Why did they end up there? Where were their parents? What happened to the children? Each child is looked at and their life is discussed by historian and tour guide, Avril Nanton.

    The History of Mindfulness and its Origin

    Monday 25 October, 6pm to 7.30pm

    Presented by Karen Mitchell

    Mindfulness is a non-judgmental awareness of the present moment.

    After a few successful wellbeing sessions at H&F, Karen Mitchell has returned to help us to build our resilience and a positive sense of wellbeing. Both of these are tools that can expand the window of tolerance or aid with dealing with life stressors in positive ways.

    Karen is a mindfulness meditation teacher and founder of wellbeing space Omm Office. She has practiced meditation for over 13 years through world-renown meditation communities. She cultivates meditation spaces that are supportive, positive and compassion-based.

    Karen will be providing us with a guided meditation that includes prompts inviting participants to release stress, relax and allow for a sense of ease.

    No prior training is required. There will be a 10 minute introduction followed by Karen’s calming meditation which will last for 40 minutes. After the meditation, there will be around 10 minutes for questions or comments. 

    In addition, Karen will be introducing a class series she is promoting called Black Mindfulness 101. It's an introduction and discourse on mindfulness through the lens of the diaspora, particularly the African diaspora. The course is a celebration and integration of how Black people meditate as compared to western and Asian-based models, which are most routinely discussed in westernised mindfulness spaces.

    The Impact of Climate Change and Race Inequality

    Wednesday 27 October, 6pm to 7.30pm

    Presented by Emily Tulloh, Jessica Chai and guests

    Did you know that Black, Asian and minority ethnic communities are more likely to be exposed to unacceptable levels of air pollution in London? Poor air quality is the largest environmental risk to public health and can be responsible for chronic illnesses such as asthma.

    Emily Tulloh and Jessica Chai, along with special guests, will explore forms of environmental injustice, from air pollution to access to green space. They will also look at the links and show how tackling racial inequality needs to be at the heart of solutions to climate change.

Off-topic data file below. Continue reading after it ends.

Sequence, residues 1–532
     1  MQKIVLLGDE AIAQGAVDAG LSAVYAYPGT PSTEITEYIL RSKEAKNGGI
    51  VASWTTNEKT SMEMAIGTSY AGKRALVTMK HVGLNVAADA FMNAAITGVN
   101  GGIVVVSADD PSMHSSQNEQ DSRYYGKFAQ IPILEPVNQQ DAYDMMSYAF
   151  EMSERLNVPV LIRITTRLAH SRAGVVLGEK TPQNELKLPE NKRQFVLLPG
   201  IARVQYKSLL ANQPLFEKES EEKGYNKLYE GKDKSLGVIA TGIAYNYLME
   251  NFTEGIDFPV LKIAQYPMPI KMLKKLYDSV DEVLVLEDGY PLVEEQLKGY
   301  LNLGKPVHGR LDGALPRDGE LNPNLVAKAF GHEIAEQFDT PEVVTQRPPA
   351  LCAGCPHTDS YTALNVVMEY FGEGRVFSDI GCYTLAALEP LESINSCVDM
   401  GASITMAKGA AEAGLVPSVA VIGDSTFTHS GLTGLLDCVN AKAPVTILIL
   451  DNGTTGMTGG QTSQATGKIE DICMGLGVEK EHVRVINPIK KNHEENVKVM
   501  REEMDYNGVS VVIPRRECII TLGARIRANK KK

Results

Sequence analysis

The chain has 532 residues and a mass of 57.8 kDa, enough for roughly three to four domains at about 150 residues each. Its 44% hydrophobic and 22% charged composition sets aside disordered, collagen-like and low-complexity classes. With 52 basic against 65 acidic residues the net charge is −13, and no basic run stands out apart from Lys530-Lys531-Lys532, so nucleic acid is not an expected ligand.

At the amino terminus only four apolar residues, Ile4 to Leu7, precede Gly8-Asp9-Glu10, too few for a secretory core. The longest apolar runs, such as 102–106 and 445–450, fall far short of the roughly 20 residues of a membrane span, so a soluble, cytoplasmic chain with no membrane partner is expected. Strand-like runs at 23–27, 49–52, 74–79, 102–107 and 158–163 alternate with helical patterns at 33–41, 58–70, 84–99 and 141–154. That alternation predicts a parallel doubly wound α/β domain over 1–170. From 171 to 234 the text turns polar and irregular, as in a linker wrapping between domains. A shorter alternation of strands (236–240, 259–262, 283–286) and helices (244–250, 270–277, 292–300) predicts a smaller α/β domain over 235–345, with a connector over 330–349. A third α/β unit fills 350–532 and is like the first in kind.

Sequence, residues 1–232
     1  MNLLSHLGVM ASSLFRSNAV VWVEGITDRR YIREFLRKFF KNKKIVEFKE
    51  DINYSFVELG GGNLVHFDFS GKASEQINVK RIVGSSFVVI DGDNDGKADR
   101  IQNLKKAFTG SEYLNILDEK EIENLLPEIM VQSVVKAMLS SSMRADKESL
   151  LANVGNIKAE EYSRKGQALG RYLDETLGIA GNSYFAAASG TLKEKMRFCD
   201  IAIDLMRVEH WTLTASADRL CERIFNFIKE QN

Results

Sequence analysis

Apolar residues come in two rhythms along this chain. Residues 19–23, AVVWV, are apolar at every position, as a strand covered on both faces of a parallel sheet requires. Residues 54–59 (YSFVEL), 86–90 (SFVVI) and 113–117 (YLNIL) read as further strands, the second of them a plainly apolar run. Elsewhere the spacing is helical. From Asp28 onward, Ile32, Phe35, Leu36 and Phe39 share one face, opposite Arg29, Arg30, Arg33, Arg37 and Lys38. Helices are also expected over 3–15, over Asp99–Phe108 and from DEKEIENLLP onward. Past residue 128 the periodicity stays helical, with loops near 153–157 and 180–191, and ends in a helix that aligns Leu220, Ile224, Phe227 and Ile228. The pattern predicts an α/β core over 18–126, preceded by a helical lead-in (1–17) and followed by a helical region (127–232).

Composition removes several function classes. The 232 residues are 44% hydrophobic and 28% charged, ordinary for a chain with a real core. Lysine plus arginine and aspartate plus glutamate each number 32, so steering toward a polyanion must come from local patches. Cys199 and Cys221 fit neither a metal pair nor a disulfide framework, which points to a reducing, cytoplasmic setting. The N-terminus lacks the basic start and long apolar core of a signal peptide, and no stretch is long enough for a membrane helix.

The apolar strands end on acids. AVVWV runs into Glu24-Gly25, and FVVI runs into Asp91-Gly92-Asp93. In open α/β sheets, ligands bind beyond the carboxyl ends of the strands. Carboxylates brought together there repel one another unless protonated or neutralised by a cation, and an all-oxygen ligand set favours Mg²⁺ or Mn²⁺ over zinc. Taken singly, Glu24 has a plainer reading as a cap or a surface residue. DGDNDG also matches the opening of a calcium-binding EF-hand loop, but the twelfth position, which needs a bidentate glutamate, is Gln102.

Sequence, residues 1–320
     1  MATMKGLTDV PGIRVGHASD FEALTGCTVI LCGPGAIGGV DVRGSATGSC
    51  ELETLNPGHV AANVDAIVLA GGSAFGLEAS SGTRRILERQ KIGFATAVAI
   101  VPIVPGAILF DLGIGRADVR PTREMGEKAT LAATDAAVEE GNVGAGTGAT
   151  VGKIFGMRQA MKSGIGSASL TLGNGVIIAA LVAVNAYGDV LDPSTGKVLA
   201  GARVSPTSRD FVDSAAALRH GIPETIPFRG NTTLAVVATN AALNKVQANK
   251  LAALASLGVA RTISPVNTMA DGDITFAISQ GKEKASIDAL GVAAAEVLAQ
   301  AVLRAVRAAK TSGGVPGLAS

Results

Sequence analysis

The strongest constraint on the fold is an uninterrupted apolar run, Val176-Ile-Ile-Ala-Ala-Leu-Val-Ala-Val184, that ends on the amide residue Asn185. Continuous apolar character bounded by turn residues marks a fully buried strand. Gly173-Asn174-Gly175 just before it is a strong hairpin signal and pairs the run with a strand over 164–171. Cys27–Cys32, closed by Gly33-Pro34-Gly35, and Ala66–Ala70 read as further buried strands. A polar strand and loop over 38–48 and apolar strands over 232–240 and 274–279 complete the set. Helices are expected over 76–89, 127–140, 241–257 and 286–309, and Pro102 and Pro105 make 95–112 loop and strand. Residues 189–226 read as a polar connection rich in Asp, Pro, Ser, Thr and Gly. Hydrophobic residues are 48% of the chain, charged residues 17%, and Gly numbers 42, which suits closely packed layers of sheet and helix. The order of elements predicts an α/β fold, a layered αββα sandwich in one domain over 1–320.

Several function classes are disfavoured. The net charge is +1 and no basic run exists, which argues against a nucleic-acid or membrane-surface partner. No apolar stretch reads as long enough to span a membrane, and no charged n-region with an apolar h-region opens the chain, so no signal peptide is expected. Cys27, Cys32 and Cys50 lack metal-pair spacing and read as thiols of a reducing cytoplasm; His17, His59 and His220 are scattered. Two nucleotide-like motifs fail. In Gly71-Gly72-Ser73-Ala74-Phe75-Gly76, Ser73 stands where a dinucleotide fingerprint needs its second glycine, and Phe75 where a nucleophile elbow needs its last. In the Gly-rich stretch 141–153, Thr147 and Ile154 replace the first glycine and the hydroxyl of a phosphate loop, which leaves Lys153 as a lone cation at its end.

The UK's Black Civil Rights Movement

    Thursday 28 October, 6pm to 7.30pm

    Presented by Andrew Mohammad

    Andrew Muhammad (aka The Investigator) is one of the UK’s leading Black history and culture specialists. His lively energetic presentations are designed to bring forth history and culture to the spectator allowing for a more enriched awareness of the universal contributions and achievements of a culturally diverse society.

    In this presentation The Investigator will explore the:

    • roots of the UK’s Black civil rights movement starting with 1948 Windrush arrivals
    • origins of the Notting Hill Carnival
    • uprising, protests and demonstrations of solidarity and so much more.

    One not to be missed!!

    This event will be streamed using Zoom and requires advanced registration.

For more information or to contact the team email blackhistoryexperience@lbhf.gov.uk

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    Past events

    • Twelve great Africans of the last two hundred years
    • Was slavery a choice? A reply to Mr West
    • Guess who's coming to dinner?
    • Celebrating Black Voices in memory of George Floyd
    • What did Early West Africa contribute to science and technology?
    • George Floyd: A Year On...
    • Q&A session about the impact that George Floyd’s death
    • I can’t breathe: 8 minutes, 46 seconds that changed the world
    • Queens of the Nile and Nigeria